Sustainable Sourcing includes all the aspects of Responsible Sourcing and goes beyond it.
A vital distinction of Sustainable Sourcing is that it is less transactional and more engaged toward a common purpose. It not only seeks to avoid harm but also to engage in improving the performance of the supply chain and its members on key social, environmental and economic factors related to improving the lives of people and the health of the planet. To paraphrase the philosopher-economist Kate Raworth: this is not just doing less harm but doing more good.
This can be achieved by starting with a certain level of “knowing” that goes beyond simple traceability to having some awareness of the circumstances of producers, their environment, and the conditions where they work in fields and processing plants, including any affiliated functions (inputs, transport, etc.). Therefore, it requires determining how the related key Social, Economic, and Environmental impacts of the supply chain are sustainable or getting there. Appendix 2 offers some of the main topics that are typically covered.
There is a certain continuum of factors or distinctions that often become evident as companies progress from Responsible Sourcing toward Sustainable Sourcing. These generally include:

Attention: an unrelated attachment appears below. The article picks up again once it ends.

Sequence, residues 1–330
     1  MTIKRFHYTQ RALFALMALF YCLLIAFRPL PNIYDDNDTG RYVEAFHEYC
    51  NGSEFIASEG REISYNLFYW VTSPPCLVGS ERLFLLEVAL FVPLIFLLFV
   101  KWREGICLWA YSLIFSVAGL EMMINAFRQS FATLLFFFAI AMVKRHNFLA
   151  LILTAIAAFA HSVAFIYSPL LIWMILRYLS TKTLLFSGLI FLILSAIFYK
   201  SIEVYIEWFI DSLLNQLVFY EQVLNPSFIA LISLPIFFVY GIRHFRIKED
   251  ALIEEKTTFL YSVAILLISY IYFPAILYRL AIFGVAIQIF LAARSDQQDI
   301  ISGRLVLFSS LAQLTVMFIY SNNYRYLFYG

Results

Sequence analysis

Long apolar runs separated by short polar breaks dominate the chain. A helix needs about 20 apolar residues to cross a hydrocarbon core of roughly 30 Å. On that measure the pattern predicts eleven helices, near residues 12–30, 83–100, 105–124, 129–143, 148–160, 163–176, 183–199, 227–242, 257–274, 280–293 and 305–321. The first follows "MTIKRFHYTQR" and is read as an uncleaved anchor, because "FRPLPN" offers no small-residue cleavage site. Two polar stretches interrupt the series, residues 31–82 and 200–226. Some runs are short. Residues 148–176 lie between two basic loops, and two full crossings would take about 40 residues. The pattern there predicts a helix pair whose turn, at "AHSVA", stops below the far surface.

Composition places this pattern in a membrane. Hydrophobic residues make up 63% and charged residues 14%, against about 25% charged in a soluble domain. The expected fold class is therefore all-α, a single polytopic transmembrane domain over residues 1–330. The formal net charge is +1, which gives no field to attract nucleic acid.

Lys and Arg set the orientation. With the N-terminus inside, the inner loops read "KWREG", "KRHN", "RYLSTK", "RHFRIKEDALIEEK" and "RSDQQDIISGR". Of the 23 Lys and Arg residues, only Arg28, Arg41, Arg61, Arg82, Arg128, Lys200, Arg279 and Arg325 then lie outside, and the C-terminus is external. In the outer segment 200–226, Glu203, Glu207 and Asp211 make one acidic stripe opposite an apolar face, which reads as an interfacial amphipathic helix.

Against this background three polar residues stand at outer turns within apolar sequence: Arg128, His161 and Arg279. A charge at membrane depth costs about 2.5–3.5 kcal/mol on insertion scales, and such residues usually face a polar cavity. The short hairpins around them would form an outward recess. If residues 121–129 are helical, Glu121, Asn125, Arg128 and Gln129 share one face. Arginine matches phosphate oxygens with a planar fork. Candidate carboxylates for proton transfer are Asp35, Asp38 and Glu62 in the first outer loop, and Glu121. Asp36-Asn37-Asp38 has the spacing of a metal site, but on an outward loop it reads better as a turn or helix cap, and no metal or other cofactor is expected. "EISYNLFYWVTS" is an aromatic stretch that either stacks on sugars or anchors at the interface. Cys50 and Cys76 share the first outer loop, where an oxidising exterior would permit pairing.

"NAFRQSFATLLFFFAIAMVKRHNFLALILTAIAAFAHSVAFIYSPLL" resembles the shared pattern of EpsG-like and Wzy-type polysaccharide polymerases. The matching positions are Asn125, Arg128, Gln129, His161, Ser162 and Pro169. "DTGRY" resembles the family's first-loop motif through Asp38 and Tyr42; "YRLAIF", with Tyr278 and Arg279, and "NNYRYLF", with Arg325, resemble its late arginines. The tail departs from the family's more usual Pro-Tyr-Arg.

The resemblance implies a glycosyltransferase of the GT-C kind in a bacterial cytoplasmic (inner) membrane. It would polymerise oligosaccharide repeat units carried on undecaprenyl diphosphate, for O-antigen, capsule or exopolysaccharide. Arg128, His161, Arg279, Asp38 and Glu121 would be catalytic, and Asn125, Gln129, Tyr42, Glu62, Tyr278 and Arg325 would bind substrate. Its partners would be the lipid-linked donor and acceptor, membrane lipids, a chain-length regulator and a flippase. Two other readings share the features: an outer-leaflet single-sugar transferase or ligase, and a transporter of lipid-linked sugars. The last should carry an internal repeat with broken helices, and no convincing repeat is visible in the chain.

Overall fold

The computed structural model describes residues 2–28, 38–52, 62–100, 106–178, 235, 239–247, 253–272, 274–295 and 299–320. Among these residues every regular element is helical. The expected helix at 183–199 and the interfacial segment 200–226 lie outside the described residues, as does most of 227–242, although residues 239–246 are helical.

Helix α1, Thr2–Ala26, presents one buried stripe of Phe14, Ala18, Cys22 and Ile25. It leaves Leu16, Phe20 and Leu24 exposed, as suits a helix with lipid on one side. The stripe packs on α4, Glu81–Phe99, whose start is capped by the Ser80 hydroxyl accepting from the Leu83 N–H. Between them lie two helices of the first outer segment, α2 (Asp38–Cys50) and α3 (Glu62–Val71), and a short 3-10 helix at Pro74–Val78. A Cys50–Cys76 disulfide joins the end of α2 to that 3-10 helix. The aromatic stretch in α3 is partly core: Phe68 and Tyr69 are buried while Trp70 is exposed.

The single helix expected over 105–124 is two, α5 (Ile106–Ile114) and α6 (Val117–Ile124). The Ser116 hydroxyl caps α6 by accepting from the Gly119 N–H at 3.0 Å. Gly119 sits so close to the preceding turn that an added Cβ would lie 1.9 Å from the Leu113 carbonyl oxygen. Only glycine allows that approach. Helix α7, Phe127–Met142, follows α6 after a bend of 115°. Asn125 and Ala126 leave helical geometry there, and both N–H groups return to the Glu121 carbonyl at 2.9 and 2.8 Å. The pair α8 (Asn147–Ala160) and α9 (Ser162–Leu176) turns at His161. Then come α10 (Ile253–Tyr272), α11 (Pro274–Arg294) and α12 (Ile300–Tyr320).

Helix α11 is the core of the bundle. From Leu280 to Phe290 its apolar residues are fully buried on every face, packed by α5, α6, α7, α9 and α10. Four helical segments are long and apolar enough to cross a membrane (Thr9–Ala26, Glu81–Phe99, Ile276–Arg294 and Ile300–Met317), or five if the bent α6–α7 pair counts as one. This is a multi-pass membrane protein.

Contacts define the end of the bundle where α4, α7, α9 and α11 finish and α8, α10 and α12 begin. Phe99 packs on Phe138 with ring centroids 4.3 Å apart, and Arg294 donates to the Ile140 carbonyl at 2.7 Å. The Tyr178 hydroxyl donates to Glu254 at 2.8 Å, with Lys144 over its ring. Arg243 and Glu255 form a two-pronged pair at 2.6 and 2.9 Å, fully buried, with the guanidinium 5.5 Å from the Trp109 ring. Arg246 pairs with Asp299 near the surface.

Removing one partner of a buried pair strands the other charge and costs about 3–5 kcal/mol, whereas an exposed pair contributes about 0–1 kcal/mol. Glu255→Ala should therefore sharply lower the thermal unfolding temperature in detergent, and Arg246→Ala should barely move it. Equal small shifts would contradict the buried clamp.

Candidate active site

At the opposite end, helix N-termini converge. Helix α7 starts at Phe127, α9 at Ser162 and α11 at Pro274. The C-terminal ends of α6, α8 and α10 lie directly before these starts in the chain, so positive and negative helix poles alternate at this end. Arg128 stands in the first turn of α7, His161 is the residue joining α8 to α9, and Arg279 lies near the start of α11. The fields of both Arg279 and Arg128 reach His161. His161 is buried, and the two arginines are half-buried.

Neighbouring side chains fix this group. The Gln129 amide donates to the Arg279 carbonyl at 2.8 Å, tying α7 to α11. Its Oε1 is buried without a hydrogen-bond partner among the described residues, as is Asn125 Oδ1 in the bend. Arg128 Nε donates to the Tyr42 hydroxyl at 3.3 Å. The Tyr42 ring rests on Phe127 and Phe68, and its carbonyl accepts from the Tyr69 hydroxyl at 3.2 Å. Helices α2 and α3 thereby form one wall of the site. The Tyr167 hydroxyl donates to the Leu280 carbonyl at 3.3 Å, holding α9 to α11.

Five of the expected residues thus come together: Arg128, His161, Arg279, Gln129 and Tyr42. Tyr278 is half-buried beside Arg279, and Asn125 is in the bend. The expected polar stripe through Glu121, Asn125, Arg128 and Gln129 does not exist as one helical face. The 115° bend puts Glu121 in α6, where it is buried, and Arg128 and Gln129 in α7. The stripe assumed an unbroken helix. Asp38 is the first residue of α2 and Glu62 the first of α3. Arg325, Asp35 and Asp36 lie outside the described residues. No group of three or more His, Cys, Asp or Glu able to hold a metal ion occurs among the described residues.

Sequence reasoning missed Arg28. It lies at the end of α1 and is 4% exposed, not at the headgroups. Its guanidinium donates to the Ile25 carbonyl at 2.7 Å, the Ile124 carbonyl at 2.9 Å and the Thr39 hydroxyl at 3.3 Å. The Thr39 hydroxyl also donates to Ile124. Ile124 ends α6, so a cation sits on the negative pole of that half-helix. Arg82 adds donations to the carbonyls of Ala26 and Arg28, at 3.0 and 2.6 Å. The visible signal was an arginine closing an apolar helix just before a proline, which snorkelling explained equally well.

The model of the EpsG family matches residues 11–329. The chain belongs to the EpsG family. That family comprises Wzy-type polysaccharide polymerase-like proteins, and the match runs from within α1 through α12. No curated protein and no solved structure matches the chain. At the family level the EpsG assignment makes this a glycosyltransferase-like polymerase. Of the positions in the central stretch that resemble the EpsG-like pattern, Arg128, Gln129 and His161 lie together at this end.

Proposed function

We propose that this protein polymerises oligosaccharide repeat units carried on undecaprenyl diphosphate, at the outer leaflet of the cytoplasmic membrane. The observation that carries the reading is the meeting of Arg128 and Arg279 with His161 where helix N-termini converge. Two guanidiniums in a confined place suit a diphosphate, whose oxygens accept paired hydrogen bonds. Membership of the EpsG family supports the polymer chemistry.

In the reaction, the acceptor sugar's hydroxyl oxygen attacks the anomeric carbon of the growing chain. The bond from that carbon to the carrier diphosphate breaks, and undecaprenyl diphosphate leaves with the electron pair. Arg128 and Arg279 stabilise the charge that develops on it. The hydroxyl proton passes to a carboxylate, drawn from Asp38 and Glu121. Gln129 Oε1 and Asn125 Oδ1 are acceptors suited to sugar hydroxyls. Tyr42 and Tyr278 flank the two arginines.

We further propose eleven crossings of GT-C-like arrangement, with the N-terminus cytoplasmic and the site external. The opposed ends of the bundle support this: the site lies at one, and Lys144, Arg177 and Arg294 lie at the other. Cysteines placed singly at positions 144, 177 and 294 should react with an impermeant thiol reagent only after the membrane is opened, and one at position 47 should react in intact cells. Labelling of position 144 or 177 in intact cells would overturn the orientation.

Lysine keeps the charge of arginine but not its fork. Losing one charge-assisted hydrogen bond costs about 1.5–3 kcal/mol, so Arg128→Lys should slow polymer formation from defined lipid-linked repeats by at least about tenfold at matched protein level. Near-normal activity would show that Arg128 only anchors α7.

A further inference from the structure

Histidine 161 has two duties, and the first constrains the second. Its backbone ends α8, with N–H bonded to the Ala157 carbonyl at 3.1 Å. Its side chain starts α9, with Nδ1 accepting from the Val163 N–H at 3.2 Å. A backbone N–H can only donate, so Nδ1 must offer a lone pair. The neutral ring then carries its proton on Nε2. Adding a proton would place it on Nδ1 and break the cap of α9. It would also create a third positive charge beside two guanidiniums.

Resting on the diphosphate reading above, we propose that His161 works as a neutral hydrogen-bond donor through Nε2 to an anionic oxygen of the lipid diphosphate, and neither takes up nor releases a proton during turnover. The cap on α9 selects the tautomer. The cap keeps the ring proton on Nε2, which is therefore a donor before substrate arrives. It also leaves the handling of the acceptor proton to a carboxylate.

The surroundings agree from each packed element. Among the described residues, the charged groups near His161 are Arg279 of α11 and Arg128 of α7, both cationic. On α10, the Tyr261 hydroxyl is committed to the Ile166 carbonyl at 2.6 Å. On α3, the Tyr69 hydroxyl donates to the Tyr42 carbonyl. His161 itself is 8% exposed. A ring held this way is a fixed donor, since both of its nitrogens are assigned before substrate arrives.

- Being Aware of sourcing or compliance issues that affect good practices
- Tracing supply chain products and suppliers
- Becoming Committed tangibly to suppliers and sustainable sourcing practices
- Monitoring Performance on sustainability factors in supply chains
- Actively engaging to create and understand the Impact of its sourcing or programs
Appendix 1: Approaches to Responsible Supply Chain Principles
- Business Integrity: OECD, International Chamber of Commerce, Unilever
- International Labor Organization Declaration on Fundamental Principles and Rights at Work
- Responsible Sourcing policies from ABInBev, Firmenich
Various themes can be relevant and the most common include the following categories:
COSA develops metrics fully for all applications. For the basic suite of sustainability indicators, see both:
- COSA’s Performance Monitoring Master List
- COSA’s expanded set of Impact Assessment Indicators
- COSA’s Resilience Indicator Library
- COSA’s Producer Organizations Indicators
1. There are, of course, many more factors that can be considered – ranging from culturally appropriate engagement and diversity-equity-inclusion to fostering resilience and climate-smart practices. Most of those tend to be part of Sustainable Sourcing approaches noted further below.
2. For example, a vetted producer organization, such as a cooperative, may serve as complying when it can demonstrate that it tracks and manages member compliance and non-compliance with globally accepted responsible practices that a company clearly and explicitly espouses, i.e. no forced or child labor or no banned herbicides or pesticides. Similarly, if farmers carry certification to an accepted standard, that can serve as a trust proxy for knowing the farmer.